See why the New York Times and The New Yorker raved about "Twirl/Run" and why the Wall Street Journal calls Jeff Mermelstein "a contemporary master of street photography." Jeff Mermelstein's pictures are a must see for anyone who claims, or dreams of claiming to be a New Yorker.
THE WALL STREET JOURNAL
ARTS & ENTERTAINMENT
By William Meyers
December 19, 2009
Rick Wester Fine Art has on one of its walls a maquette for a "Twirl/Run Installation" that incorporates some 300 4-by-6, 5-by-7 and 8-by-10-inch machine-made color coupler prints, all pinned together on a canvas board. This is an unusual way for a gallery to display its pictures, but it acknowledges that the point of this particular body of work is not so much individual images as their cumulative effect. The pictures are of women—lots of women, all sorts of women—absent-mindedly twirling their hair as they navigate the sidewalks of New York, and of men and women compelled by who knows what sense of urgency to run wherever it is they are going.
Jeff Mermelstein is a contemporary master of street photography, a uniquely New York genre. He stalks the city with his Leica strapped high on his chest and takes photos as casually as most people blink. "Twirl #6, 2003" shows a brunette with shoulder-length hair with a strand extended for a classic twirl. "Twirl #15, 2004-05" is a young black woman using both hands to twirl a strand of deep red hair. In "Run #9, 1990-2000," a man in a suit carries a briefcase and glances at his watch as he races down a traffic lane. Mr. Mermelstein caught him with both feet off the ground, like one of Eadweard Muybridge's horses.
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THE NEW YORKER
GOINGS ON ABOUT TOWN:
Galleries - Chelsea
December 14, 2009
A New York street photographer in the rough-and-tumble tradition of Weegee, Garry Winogrand, Joel Meyerowitz, and Lee Friedlander, Mermelstein is alert to the idiosyncrasies of people in public. "Twirl / Run," as his new show and book are both titled, has, he admits, "an off-the-wallness" that takes some getting used to. Going through years of accumulated prints, he discovered an unusual number that included girls absent-mindedly twirling locks of hair and others of people (mostly men) sprinting on busy sidewalks. For this project, he's combined the two groups of pictures into a weirdly random view of urban life: aimless, hurried, distracted, driven. The impact of all the contradictory activity is best captured on a wall of small, unframed prints that achieve an invigorating, crazy-quilt density.
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THE NEW YORK TIMES
Showcase: Heads Up
December 3, 2009
by James Estrin
A young woman twirls her hair while riding down an elevator. A bespectacled young man holding a cigarette turns a street corner. If you or I had happened upon the same moment, it would have passed unremarked. And probably unphotographed.
Jeff Mermelstein's new book, "Twirl/Run" (PowerHouse Books) is a collection of photographs of fairly ordinary moments that by themselves seem to lack meaning. Half the book shows women twirling their hair (Slide 1 through Slide 13). Half the book shows people running (Slide 14 through Slide 17).
These are scarcely decisive moments. But turn the pages, and something strange happens. This idiosyncratic view of life on the streets of New York City starts to make existential sense. By defining such moments and assembling them together, Mr. Mermelstein imbues them with meaning.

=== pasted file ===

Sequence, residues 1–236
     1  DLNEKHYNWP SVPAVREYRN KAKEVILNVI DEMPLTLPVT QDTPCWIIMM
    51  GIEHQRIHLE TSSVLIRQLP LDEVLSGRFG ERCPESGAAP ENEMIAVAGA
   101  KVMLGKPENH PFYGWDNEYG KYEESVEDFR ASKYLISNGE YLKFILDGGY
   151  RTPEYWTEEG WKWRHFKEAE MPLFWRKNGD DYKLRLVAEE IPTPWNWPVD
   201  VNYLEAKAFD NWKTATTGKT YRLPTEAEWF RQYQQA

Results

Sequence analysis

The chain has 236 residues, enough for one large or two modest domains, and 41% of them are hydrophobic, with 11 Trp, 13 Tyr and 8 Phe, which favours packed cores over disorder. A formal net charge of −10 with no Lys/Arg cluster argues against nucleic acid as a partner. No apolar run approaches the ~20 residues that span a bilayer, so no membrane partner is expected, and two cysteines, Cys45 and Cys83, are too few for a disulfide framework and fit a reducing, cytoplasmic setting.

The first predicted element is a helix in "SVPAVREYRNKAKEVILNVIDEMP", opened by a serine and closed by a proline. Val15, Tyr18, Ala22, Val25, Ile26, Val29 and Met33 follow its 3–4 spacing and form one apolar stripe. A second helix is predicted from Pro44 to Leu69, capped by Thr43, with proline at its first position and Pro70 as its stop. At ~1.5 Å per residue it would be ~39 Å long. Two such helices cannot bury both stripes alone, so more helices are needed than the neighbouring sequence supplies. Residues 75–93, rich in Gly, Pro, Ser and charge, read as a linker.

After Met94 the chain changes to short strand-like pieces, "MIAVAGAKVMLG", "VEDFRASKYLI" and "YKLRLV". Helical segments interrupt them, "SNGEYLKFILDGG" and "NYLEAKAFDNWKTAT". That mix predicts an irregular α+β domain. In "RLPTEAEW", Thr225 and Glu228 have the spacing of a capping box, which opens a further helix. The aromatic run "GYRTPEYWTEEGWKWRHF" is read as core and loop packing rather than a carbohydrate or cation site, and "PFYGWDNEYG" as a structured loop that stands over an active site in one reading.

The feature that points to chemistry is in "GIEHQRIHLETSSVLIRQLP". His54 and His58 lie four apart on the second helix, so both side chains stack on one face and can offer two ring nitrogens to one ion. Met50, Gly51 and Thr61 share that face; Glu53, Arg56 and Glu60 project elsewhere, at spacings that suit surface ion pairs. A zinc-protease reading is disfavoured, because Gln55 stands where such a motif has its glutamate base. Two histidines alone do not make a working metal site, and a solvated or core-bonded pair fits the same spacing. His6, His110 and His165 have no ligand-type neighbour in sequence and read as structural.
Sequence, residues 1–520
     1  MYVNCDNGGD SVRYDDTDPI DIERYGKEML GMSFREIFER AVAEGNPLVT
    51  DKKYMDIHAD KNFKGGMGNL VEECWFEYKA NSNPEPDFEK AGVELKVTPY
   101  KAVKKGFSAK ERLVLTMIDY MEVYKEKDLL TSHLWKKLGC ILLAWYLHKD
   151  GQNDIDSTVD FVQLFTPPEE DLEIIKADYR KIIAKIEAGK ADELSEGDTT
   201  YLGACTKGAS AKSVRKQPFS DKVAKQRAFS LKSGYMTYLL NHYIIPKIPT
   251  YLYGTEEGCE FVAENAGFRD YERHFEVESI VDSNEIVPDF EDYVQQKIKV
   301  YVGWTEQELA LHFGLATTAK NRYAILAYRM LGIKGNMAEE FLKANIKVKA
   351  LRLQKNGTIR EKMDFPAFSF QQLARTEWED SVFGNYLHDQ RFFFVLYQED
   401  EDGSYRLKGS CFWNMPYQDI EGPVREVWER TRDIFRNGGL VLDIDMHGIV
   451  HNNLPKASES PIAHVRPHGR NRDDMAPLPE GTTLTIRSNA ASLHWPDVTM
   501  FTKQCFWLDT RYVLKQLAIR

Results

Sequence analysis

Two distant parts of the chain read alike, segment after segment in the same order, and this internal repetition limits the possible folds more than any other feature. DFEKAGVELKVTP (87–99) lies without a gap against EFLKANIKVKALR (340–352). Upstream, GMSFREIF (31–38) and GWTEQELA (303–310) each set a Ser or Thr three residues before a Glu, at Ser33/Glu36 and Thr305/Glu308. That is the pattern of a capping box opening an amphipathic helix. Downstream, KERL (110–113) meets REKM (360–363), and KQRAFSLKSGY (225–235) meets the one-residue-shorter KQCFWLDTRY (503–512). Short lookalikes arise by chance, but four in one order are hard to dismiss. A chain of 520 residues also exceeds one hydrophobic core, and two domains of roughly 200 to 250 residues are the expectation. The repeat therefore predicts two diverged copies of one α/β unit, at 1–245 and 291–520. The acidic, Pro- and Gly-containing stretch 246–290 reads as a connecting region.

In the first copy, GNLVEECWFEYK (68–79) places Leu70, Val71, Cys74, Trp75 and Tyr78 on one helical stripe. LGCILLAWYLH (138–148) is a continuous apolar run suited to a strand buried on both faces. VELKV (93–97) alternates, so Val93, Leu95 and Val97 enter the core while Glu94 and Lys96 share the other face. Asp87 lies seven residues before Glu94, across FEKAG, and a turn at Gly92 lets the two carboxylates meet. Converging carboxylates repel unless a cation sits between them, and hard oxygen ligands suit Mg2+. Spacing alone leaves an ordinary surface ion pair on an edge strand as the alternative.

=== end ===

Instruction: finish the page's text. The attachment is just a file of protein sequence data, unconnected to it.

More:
"I usually do not work with themes, or even ideas," Mr. Mermelstein said. "In 1995, I just noticed a lot of people running and it became kind of a habit. The twirl photographs started about seven years ago with first one, then all of a sudden another, then three in one day. My wife would get sick of me saying, 'I got two twirlers today.'"
As he wandered the city looking for twirlers, Mr. Mermelstein became a bit of an expert. He found that hair twirling peaks in the summer (no hats or scarves) and knows no bounds of race or nationality. It can range from one-strand twirls to a movement involving the full head of hair.
What's at the root of it?
"There's an easy interpetion: reflective of anxiety and tension," Mr. Mermelstein said. "And nervousness. When I had more hair — I still have a little left — I remember twirling nervously, right or left."
"Twirl/Run" is more conceptual than previous books like "SideWalk" and "No Title Here." While working on "Twirl/Run," Mr. Mermelstein found himself letting go of some long-held approaches to photography. Ordinarily, he said, he will torture himself to ensure that each individual picture is better than anything that's come before.
"But this is more about the collection," he added. "Not every one has to be monumental."
Thirty years ago, Mr. Mermelstein studied at the International Center of Photography, as did I. Even then, at 22, he was an eccentric street photographer. For months on end, he would only photograph in the golden light of the last few moments before the sun disappeared.
He's since become a brilliant street photographer while also having a successful editorial career, including work for The New York Times Magazine. He recently reflected on the decades of photography since he chased those elusive slivers of light as a student.
"I was thinking about how good I felt when I made a picture that I love," Mr. Mermelstein said. "I still feel the same way. It means so much to me. I'm certain that in the long run what matters is that it has to mean something to me."
View the original article and slideshow here.
Jeff Mermelstein: Twirl / Run runs through January 16, 2010. Gallery hours are Tuesday-Friday, 10-6pm, and Saturday, 11-6pm. For further information and images, please contact Sarah Stout at +1 (212) 255-5560 or email@example.com.